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Extended podcast with David Ortiz on his career, PED's, the Marathon bombing and more

David Ortiz offers thoughtful answers and insight in this interview with Sean McAdam touching on his beginning with the Red Sox, the Boston Marathon bombings, showing up on a PED list, his impact in the dugout, and more.

You can also see pieces of the interview on CSN Friday at 6:30pm on a special Arbella Early Edition with Gary Tanguay and Lou Merloni.

RELATED Special Video Series - "Big Papi - An Oral History" from CSN

Bogaerts' "maturity is clearly taking hold"

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Bogaerts' "maturity is clearly taking hold"

NEW YORK -- Xander Bogaerts enjoyed a terrific 2015, his second full season in the big leagues.

He finished second in the American League batting race, established himself as a solid defender at short and generally showed immense promise.

The only thing he didn't do was show much home run power, limited to just seven homers.

This past spring, both manager John Farrell and Chili Davis expressed confidence that the home runs would come, and that they would come organically.

And so they have. In Thursday night's loss to the New York Yankees, a solo homer in the fifth by Bogaerts represented the only Red Sox run of the night in a 5-1 loss. It also gave Bogaerts 21 homers for the year, exactly triple his output from a year ago.

"The maturity is clearly taking hold," said John Farrell of Bogaerts' growth. "You start to get a couple thousand at-bats at the major league level, you're starting to understand your swing, you're picking out certain counts in which to leverage a little bit more. He's been able to do that.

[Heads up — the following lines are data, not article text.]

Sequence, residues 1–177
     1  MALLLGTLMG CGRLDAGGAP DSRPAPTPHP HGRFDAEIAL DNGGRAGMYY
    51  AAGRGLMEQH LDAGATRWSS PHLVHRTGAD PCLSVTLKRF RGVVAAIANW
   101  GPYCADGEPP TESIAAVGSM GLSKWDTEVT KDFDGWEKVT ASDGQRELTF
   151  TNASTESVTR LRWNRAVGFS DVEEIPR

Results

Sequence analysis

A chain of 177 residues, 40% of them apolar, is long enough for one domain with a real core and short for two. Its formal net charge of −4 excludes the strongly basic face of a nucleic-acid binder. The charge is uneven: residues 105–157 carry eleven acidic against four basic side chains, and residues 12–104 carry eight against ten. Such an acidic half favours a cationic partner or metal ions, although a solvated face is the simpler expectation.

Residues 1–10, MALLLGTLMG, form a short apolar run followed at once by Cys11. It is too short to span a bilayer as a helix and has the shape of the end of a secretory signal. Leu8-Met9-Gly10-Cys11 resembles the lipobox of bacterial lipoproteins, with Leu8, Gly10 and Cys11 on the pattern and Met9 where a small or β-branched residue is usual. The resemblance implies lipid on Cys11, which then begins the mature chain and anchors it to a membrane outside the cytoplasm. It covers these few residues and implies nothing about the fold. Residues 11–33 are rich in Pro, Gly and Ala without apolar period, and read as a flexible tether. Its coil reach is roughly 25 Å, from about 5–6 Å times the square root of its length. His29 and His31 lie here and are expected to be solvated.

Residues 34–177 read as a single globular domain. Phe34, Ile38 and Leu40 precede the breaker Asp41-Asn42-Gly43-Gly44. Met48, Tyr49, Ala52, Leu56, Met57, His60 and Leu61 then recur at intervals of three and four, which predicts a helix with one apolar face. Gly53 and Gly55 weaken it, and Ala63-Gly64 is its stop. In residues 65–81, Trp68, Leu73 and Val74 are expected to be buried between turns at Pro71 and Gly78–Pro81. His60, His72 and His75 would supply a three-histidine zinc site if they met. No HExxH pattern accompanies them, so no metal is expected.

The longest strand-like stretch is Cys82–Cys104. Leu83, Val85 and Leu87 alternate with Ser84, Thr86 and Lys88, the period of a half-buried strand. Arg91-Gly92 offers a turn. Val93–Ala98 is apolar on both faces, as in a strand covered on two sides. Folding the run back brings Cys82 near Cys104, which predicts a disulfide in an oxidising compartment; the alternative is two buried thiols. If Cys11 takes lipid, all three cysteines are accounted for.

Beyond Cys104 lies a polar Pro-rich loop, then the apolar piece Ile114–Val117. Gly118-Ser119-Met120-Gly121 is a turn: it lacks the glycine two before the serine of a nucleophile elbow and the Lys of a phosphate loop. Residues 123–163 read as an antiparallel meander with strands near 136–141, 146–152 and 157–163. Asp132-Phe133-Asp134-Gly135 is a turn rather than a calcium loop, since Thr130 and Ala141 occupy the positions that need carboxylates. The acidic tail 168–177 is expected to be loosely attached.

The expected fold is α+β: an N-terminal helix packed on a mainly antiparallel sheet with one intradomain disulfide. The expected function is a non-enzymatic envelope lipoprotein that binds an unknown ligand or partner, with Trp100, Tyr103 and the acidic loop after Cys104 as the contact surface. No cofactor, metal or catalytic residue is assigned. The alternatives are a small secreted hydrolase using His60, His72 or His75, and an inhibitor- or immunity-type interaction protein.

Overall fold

"Home runs are up across the board. But with Xander in particular, he's physically maturing and he's maturing as a major league player as well."

Bogaerts took the advise of Davis and others and didn't set out to try to hit more homers this year. He knew they would come in time.

"Maybe not this quick," he said of the big increase, "but probably in the future, yeah. That's what I did in the minor leagues, so it's kind of something that I thought might translate to the big leagues, too."

Bogaerts is hard-pressed to put his finger on any on factor to explain the big uptick. After all, he didn't change his swing or his stance.

Rather, the homers came as a result of him understanding himself better as a hitter and consistently taking the right approach at the plate.

"It's just (a matter of) taking good swings in good counts," he offered. "Sometimes, you're looking for one. But overall, it's just being a more mature hitter and looking for the right spots to pick and choose."

It hasn't hurt that he's surrounded by quality hitters in the Red Sox lineup, with Mookie Betts and Dustin Pedroia ahead of him earlier in the year, and now Pedrioa ahead of him and David Ortiz behind him.

In addition to seeing better pitches because of who's surrounding him, Bogaerts has also benefitted from listening to Ortiz, who watches his at-bats and offers advice when called for.

Still, most of the credit belongs to Bogaerts himself, who has grown into his power naturally -- just as his manager and hitting coach forecast.